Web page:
Glass could be a much-needed boost to M. Night Shyamalan's career, and the Unbreakable series
Had it be any other filmmaker, the positive reaction garnered by the trailer of an upcoming film — which also happens to be a much-awaited follow-up to a beloved cult classic — would be enough to announce the return to the A-league. But if that filmmaker happens to be M. Night Shyamalan, this wouldn't mean much.
Shyamalan's last few outings have been nothing short of a disaster. But he was once counted among the last of the greats from the previous century, thanks to the breakthrough smash hit The Sixth Sense (1999). Shyamalan was touted to be "the next Spielberg" by Newsweek at the time, and no matter the box office fate of his films, he has always had strong viewership. It is no big deal then, for a filmmaker of his stature, for Glass to get great pre-release buzz.
The manner in which Glass, the sequel to Unbreakable (2000), has been getting feedback from both die-hard aficionados and general audiences suggests that days when Shyamalan's name on the screen would be booed — which happened during the screening of the trailer of the horror film Devil (2010) — are going to be a thing of the past.
Following the success of The Sixth Sense, which up until 2017 was the highest grossing horror film ever and besides raking in over $600 million worldwide, the filmmaker could sell a film on just his name and for the next few years more than delivered on that promise. In quick succession, Shyamalan made Unbreakable, a true superhero origin story, Signs (2002), which besides being a genuine alien thriller was also the last of Mel Gibson’s studio hits, and The Village (2004), which despite being criticised for its plausibility, collected over $200 million at the box office. There was nothing that could go wrong and Shyamalan could hardly take a wrong step. But not for long.
Observers and commentators are convinced that the exact point where it all went wrong for Shyamalan was the release of a documentary called The Buried Secret of M. Night Shyamalan (2004), which was released simultaneously with The Village in an attempt to not just cash in on the hype of the former but also burnish the filmmaker’s brand. The documentary hints at some kind of childhood accident that left him with a connection with the 'other side’ and purports that many of the characters that the audiences had seen up until that point in his films were actually an interpretation of the super-hero that Shyamalan was in real life. Legend has it Shyamalan also planted stories in the media that he was not happy with the way the documentary had turned out and wanted to hide what it was supposedly going to reveal.
Shyamalan’s next release was Lady in the Water (2006) and featured him as the lead. It ended up becoming his first major flop. Shyamalan would often cast himself in minor roles in his films and this was seen as a hat tip to Alfred Hitchcock, but when he chose to play the lead in a $70 million film, he redefined self-indulgence.
The film made just $72 million at the box office and also saw Shyamalan end his long-standing partnership with Disney. Shyamalan’s next, psychological thriller The Happening (2008), which could also be labeled as one of the first mainstream ecological-horror films, made money at the box office and got his core audiences intrigued enough but the damage caused by Lady in the Water was just too much to be undone so soon.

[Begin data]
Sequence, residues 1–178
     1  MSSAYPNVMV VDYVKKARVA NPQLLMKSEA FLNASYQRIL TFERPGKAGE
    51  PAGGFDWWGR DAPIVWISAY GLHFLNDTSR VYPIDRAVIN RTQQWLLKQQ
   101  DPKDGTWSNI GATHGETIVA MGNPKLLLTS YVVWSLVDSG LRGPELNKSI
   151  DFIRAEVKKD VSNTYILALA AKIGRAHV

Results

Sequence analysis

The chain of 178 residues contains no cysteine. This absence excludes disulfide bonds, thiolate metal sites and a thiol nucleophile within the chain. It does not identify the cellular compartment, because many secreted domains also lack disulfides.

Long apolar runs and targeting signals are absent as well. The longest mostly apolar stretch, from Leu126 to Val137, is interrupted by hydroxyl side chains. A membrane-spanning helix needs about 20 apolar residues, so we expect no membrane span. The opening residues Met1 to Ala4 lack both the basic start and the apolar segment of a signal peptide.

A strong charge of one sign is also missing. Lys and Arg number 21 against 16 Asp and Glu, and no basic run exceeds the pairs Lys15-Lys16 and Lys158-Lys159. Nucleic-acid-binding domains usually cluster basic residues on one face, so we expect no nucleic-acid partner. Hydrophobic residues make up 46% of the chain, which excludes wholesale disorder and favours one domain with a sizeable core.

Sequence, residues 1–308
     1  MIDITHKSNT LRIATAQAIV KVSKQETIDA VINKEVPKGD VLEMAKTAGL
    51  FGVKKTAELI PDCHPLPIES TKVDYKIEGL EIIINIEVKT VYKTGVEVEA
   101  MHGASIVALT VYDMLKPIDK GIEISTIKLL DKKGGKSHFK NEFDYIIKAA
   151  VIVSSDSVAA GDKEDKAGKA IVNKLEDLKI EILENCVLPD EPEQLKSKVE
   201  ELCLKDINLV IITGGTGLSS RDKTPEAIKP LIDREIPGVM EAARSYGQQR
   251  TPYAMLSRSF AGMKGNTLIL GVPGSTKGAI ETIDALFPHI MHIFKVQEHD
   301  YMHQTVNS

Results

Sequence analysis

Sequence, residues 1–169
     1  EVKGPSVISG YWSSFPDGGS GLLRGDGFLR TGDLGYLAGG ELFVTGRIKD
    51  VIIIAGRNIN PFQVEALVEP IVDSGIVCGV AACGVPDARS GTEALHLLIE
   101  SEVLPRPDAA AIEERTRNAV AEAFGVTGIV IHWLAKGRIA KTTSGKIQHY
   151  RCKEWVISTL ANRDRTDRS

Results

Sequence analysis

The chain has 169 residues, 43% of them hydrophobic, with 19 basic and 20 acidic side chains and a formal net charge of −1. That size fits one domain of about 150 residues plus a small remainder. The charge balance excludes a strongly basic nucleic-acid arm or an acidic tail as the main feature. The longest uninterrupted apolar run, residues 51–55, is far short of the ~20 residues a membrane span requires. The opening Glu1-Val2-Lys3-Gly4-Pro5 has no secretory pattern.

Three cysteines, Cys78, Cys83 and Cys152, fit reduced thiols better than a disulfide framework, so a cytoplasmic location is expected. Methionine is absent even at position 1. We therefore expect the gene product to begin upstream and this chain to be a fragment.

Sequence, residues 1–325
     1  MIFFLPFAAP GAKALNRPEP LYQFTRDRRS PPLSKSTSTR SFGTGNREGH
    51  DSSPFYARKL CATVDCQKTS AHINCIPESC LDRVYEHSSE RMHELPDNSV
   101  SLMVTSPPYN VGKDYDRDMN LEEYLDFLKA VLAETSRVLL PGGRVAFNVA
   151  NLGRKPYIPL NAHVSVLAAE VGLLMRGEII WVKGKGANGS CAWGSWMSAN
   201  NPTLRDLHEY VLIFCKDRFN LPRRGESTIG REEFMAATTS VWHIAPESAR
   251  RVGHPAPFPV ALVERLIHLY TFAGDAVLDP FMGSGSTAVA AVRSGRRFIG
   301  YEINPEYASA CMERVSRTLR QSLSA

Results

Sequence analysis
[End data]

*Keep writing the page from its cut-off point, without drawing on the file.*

It would nearly be a decade post-The Happening before M. Night Shyamalan finally found his groove. In the middle, he made ‘expensive flops' like The Last Airbender (2010) and After Earth (2013), which were critically panned as well. The spell, so to speak, was broken with The Village. Made on a budget of just $5 million The Visit (2015) made nearly $98.5 million at the box office, but more than that it the consensus among fans on sites such as Rotten Tomatoes, who felt that the film "provides horror fans with a satisfying blend of thrills and laughs", that proved to be more satisfying.
Subsequently, Shyamalan’s Split (2016), a psychological horror that follows a man (James McAvoy) with 23 different personalities, one of which sees him transform into a cannibalistic sociopath with superhuman abilities, was welcomed as a sequel to Unbreakable by the audiences, and it was hailed by critics as a "masterful blend of Hitchcock, horror and therapy session.” The film was a surprise hit and ended up being a huge box office success ($287 million on a budget of $9 million) besides giving Shyamalan a trilogy to work on.
Apparently, when the studios refused to finance a sequel to Unbreakable, Shyamalan began working on a character that he had originally envisioned in Unbreakable and ended up with Split. Now, Glass would reunite David Dunn (Bruce Willis) and Elijah “Mr. Glass” Price (Samuel L. Jackson) with Kevin Wendell Crumb / The Horde (James McCoy) for good measure.
F Scott Fitzgerald once bitterly observed: "There are no second acts in American lives”, but it appears like M. Night Shyamalan might prove him wrong. Even if Shyamalan could never return to the highs he enjoyed at the turn of the century, if Glass hits the sweet spot, he will have managed something that seemed unimaginable by Hollywood standards - a great comeback.
Updated Date: Jul 30, 2018 22:57 PM